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How Does Diabetes Affect Your Mental Health?

Behavior health therapists can help with depression and anxiety

Diabetes can affect your mental health.

Behavior health therapists can help with depression and anxiety

Anyone living with diabetes knows that successfully managing the condition isn’t easy.


Diabetes self-care can involve eating a diabetes-friendly diet, getting enough exercise, measuring your blood sugar levels, taking medication or insulin and more.


Moreover, diabetes doesn’t just impact your physical health. It can be challenging for your mental health, too. This includes your thoughts, emotions, beliefs about your life and how you perceive the world around you. Even the way you “talk to yourself” — whether you do so with kindness or criticism — is part of your mental health. 


“If you have difficulty keeping your diabetes safe, it can negatively affect how you think and feel about yourself,” says Karla Espinosa de los Monteros, PhD, a clinical health psychologist who specializes in diabetes behavioral health at the Scripps Whittier Diabetes Institute.


“The opposite is also true: If you are experiencing mental health challenges, you may find it more difficult to manage your diabetes. This can raise your risk for diabetes complications like heart disease and nerve damage.”


Let’s look at a few of the most common mental health challenges faced by people living with diabetes.

Depression and anxiety

Symptoms of depression often include feeling sad or hopeless, a loss of interest in activities you normally enjoy, fatigue or lack of energy, and trouble concentrating or making decisions. Any of these can make life feel more difficult, including managing your diabetes.


Chronic stress can also take a toll on your mental health. Some stress is a normal part of life, but when it starts to feel like more than you can handle or becomes a chronic state, you may find it harder to care for yourself.


Stress also can affect your blood sugar levels. Stress hormones can cause unpredictable blood sugar spikes, and when stress becomes chronic this unpredictability can make blood sugar management more challenging and frustrating.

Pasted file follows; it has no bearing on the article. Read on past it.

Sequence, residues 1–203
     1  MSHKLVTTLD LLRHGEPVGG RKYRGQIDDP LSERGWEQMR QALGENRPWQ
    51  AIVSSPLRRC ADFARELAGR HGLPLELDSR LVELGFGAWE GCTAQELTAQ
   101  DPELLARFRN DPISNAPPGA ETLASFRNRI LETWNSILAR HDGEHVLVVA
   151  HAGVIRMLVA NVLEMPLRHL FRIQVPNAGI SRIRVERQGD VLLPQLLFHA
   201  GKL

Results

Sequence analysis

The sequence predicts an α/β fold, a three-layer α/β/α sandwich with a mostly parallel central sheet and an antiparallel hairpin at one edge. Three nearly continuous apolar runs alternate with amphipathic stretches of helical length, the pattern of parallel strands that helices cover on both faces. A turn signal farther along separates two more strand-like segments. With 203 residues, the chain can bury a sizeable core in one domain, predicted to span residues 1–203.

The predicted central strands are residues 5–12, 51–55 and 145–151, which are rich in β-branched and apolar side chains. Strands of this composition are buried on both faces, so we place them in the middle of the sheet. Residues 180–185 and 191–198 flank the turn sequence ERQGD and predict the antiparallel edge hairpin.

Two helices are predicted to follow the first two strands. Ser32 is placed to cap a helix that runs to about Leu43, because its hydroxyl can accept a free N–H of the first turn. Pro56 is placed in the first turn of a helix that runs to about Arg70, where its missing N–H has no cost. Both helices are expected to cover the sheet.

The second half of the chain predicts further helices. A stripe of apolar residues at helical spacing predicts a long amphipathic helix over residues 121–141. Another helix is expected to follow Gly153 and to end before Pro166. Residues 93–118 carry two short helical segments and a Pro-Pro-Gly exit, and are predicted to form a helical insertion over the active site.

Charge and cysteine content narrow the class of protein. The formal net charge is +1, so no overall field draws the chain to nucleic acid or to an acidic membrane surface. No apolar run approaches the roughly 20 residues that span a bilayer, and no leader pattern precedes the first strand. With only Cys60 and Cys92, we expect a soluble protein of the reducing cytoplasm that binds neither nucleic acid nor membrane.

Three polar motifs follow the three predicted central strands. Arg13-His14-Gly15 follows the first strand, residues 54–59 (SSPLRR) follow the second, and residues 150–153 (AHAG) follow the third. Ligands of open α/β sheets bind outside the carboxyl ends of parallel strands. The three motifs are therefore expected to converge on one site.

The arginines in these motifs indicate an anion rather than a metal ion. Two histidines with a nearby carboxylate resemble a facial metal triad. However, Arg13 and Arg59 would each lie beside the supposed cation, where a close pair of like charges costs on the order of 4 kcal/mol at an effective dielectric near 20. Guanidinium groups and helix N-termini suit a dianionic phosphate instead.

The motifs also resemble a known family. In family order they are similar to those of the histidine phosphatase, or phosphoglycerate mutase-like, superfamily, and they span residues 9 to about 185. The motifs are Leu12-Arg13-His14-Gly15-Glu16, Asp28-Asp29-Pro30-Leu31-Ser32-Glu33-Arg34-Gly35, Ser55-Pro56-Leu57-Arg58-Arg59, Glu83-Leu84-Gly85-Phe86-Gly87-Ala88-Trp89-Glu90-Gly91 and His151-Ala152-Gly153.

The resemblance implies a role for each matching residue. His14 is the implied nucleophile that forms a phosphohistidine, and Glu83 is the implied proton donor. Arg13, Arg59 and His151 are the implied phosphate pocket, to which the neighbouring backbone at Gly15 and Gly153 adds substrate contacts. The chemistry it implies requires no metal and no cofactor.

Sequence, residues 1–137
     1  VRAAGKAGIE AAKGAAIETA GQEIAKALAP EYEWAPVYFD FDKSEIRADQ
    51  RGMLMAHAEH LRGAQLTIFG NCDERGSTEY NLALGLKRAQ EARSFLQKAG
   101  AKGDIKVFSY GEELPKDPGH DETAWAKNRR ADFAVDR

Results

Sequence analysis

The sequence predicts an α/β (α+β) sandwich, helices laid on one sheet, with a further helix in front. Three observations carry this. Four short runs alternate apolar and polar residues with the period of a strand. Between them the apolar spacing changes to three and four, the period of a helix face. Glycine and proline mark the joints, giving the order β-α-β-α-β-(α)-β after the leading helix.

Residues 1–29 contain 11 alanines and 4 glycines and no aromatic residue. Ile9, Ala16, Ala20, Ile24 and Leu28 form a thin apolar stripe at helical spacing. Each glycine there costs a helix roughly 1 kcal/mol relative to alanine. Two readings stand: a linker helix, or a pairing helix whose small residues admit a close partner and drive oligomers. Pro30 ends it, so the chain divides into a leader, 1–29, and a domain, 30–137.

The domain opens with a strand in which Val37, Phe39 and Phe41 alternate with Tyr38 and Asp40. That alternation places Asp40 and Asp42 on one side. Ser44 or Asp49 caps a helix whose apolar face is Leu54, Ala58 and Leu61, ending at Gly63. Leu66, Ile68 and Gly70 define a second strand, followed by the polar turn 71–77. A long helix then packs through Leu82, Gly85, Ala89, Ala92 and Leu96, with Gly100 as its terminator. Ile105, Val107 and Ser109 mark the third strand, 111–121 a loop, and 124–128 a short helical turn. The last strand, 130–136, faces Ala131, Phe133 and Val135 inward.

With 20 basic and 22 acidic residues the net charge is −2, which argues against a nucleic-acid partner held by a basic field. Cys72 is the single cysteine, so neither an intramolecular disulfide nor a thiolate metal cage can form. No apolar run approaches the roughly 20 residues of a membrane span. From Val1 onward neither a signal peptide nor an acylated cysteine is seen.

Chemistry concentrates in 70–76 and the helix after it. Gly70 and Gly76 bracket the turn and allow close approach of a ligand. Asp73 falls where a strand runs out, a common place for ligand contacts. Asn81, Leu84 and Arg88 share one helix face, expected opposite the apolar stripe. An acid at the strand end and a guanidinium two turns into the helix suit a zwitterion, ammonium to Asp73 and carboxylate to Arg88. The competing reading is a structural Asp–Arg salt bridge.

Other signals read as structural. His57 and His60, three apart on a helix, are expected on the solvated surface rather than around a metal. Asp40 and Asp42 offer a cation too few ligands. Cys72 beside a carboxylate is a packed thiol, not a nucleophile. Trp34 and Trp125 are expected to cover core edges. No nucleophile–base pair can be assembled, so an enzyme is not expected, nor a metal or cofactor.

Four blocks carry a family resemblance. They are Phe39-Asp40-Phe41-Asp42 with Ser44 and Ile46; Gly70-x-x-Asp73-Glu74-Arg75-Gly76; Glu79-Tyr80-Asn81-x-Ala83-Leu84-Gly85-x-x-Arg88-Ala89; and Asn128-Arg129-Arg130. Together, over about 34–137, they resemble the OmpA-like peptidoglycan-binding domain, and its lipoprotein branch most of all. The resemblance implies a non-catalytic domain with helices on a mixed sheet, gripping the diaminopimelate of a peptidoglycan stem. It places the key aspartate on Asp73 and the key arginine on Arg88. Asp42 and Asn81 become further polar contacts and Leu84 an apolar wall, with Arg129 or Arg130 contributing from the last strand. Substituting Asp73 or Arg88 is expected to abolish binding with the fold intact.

For some, the stress of managing a chronic illness like diabetes leads to increased fear and worry also referred to as anxiety. In fact, people with diabetes are 20 percent more likely to feel anxiety.


Fortunately, with treatment, you may feel better as well as find it easier to manage your diabetes. Behavioral health therapists, including psychologists and psychiatrists, can help people with depression or anxiety through counseling and, in some cases, medication.

What is diabetes distress?

While depression and anxiety can affect anyone, a condition known as “diabetes distress” may specifically affect people living with diabetes.


People experiencing diabetes distress sometimes feel discouraged, worried, or simply tired of managing their diabetes care. This is especially common if you are not making progress in your diabetes care, or you develop complications despite taking good care of yourself.


You may be less committed to your diabetes care if you’re feeling discouraged. For example, you may not measure your blood sugar regularly, skip doctor’s appointments or make diet choices that you know are not healthy for you.


Up to half of people with diabetes may experience diabetes distress. Though the symptoms may feel like depression or anxiety, diabetes distress doesn’t respond to medications. However, these four steps have been shown to help:


  1. If you are not already seeing an endocrinologist for your diabetes care, make an appointment. Endocrinologists specialize in diabetes care and may have more tools to help you than your primary care physician.
  2. Instead of trying to tackle everything yourself, prioritize your concerns and address them one at a time.
  3. Work with a diabetes educator to find ways to make your diabetes care more manageable.
  4. Join a diabetes support group where you can share your issues with others and find answers together.


“Often people find relief in simply knowing that they are not alone in struggling with diabetes and this can be the first step in their journey towards healing says Dr. Espinosa de los Monteros. “Along the way they may also learn helpful tips and strategies that will make their life with diabetes less difficult.”

Behavioral health support for diabetes patients

Dr. Espinosa also recommends finding programs that offer behavioral and emotional support targeted to the needs of people living with diabetes.


Through the Behavioral Health Integration (BeHIP) Program, offered through the Scripps Whittier Diabetes Program, clinical psychologists are available to help support you as you work on making important health behavior changes to improve your diabetes management. The program offers both individual and group-based therapy options.


If you have diabetes and are interested in behavioral health support, talk with your physician or diabetes educator.